Recent sessions in the Minnesota State Legislature haven’t been short on last-minute deal-making and chaos down in St. Paul, but 2020 just might take the cake with the coronavirus throwing a wrench in lawmakers’ plans.
In an abbreviated session further complicated by deals made over teleconferences and phone calls — as well as heated debates over responses to COVID-19 and Gov. Tim Walz’s handling of the issue — lawmakers said proceedings were hectic. Major pieces of legislation — such as the 2020 bonding bill — were left on the table for a special session slated on June 12, while state representatives and senators looked on via Zoom meetings, negotiated through masks and slept in their offices as the clock wound down.
While St. Paul gears up to tackle an unprecedented list of major legislation during special session, local lawmakers said the Walz administration hasn’t been cooperating with the state Legislature in a productive manner.
Walz may have good intentions, they said, but that doesn’t justify the governor’s decision to retain his grip on emergency powers, his push to keep closure orders in place longer than his critics would prefer, or his aggressive stance against businesses that violate these closure orders. This has caused deep divisions with Republicans in both chambers, they said.
“In the very beginning of this, I think (Gov. Tim Walz) did a pretty good job right out of the chute with the things that he did, but two weeks into this he probably should have reengaged the Legislature and worked with a co-equal branch of government,” said state Rep. John Poston, R-Lake Shore. “There’s a lot of mistrust now and hard feelings because he hasn’t done that.”
The Dispatch spoke with local state lawmakers, including Minnesota Senate Majority Leader Paul Gazelka, R-Nisswa, as well as state Sen. Carrie Ruud, R-Breezy Point, and state Reps. Dale Lueck, R-Aitkin; Josh Heintzeman, R-Nisswa; and Poston.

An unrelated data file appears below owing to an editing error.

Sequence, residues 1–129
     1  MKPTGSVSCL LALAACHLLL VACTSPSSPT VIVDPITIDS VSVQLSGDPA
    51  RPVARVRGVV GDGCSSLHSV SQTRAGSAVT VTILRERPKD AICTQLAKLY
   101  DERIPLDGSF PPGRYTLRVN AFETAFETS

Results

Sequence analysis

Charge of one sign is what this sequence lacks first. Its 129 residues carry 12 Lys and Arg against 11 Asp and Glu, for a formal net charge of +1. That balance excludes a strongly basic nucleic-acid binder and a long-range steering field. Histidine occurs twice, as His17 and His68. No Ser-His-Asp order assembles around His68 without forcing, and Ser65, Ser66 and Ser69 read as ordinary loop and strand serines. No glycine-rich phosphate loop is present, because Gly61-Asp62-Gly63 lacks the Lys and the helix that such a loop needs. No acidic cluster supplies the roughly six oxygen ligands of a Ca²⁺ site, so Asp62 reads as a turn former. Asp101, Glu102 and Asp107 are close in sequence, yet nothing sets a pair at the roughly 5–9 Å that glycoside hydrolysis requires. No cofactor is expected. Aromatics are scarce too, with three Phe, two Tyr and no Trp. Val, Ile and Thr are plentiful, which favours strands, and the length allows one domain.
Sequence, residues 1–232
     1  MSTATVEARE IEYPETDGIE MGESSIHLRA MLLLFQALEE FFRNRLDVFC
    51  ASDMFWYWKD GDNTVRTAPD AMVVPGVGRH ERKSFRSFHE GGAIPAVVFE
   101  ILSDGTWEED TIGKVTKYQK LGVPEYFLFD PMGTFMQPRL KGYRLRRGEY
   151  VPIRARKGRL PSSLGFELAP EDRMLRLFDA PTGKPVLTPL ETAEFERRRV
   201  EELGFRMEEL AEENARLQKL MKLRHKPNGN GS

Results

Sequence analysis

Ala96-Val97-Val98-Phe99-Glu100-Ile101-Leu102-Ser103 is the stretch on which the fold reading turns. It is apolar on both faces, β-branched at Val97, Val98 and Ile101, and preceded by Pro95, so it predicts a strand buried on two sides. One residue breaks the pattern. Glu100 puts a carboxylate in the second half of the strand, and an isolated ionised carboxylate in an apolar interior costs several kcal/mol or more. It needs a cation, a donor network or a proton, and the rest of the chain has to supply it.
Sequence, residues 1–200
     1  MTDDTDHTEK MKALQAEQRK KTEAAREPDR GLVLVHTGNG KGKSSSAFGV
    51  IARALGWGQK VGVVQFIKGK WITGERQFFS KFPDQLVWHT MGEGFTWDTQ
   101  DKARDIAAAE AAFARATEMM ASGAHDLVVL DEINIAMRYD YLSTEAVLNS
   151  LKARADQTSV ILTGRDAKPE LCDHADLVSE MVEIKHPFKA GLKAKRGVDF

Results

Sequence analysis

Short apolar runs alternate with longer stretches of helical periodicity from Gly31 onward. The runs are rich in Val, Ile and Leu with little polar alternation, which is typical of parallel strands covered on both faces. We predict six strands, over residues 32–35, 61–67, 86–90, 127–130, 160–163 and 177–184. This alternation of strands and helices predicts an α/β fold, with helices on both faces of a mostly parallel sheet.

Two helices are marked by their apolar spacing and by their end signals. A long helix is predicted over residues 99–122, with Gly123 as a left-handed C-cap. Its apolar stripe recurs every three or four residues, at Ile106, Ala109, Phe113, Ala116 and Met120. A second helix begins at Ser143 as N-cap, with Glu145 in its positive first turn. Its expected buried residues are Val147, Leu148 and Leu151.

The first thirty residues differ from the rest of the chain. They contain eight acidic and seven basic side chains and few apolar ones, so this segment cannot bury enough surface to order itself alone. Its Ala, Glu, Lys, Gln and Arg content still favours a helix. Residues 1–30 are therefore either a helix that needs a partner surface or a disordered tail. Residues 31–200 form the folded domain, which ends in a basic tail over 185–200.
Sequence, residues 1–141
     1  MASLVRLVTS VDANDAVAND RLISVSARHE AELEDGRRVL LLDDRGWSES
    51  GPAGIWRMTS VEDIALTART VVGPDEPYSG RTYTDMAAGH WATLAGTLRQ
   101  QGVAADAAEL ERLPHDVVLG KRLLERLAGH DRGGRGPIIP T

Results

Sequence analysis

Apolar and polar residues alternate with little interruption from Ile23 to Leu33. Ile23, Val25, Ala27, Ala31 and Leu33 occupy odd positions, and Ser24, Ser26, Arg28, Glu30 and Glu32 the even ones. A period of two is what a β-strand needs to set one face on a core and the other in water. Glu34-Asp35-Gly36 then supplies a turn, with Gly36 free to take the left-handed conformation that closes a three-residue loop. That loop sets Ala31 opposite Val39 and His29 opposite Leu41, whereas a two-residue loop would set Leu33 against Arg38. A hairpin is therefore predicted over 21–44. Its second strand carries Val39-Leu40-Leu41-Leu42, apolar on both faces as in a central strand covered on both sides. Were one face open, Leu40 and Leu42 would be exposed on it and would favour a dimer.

Heintzeman has repeatedly declined to comment other than by email, citing a discomfort with face-to-face or phone interviews and expressed sensitivity with how prior statements were presented in the Dispatch.
Closure orders and lawsuits
While the state of Minnesota is gradually lifting preventative measures after weeks of closure orders, travel restrictions and social distancing protocols, the issue of Walz’s use of emergency powers has been a sore point for Republican lawmakers in the state Legislature. In addition, Attorney General Keith Ellison’s office has launched a lawsuit against businesses for threatening to violate business closure orders.
Republicans widely decried these actions as an abuse of power by both Walz and Ellison, while stating the two continue to enforce directives that micromanage and harm small businesses across the state. In particular, they took aim at Walz’s reluctance to reopen the state over the last few weeks.
Gazelka described the issue as an overreach of authority, with emergency powers vested in Walz and Ellison to enforce misdemeanors, not to drag struggling small businesses through the legal system because they’re trying to make ends meet.
“The Senate does not believe that that authority rests within emergency powers, which spell out misdemeanor powers, and so we are concerned about an overreach of executive branch powers,” Gazelka said. “They've been going after bars and restaurants and we're concerned about what might happen with churches that appear to be moving forward, against the governor declaration, and can't have more than 10 people meeting.”
Ruud was unsparing in her comments on Walz’s leadership during the crisis, stating that Walz has been noncommunicative with Republican lawmakers.
“I've been very disappointed in the governor's leadership. ... I think his leadership has really failed,” Ruud said. “The governor has not listened, one minute of one day, and everything is really no rhyme or reason, random openings and closings.”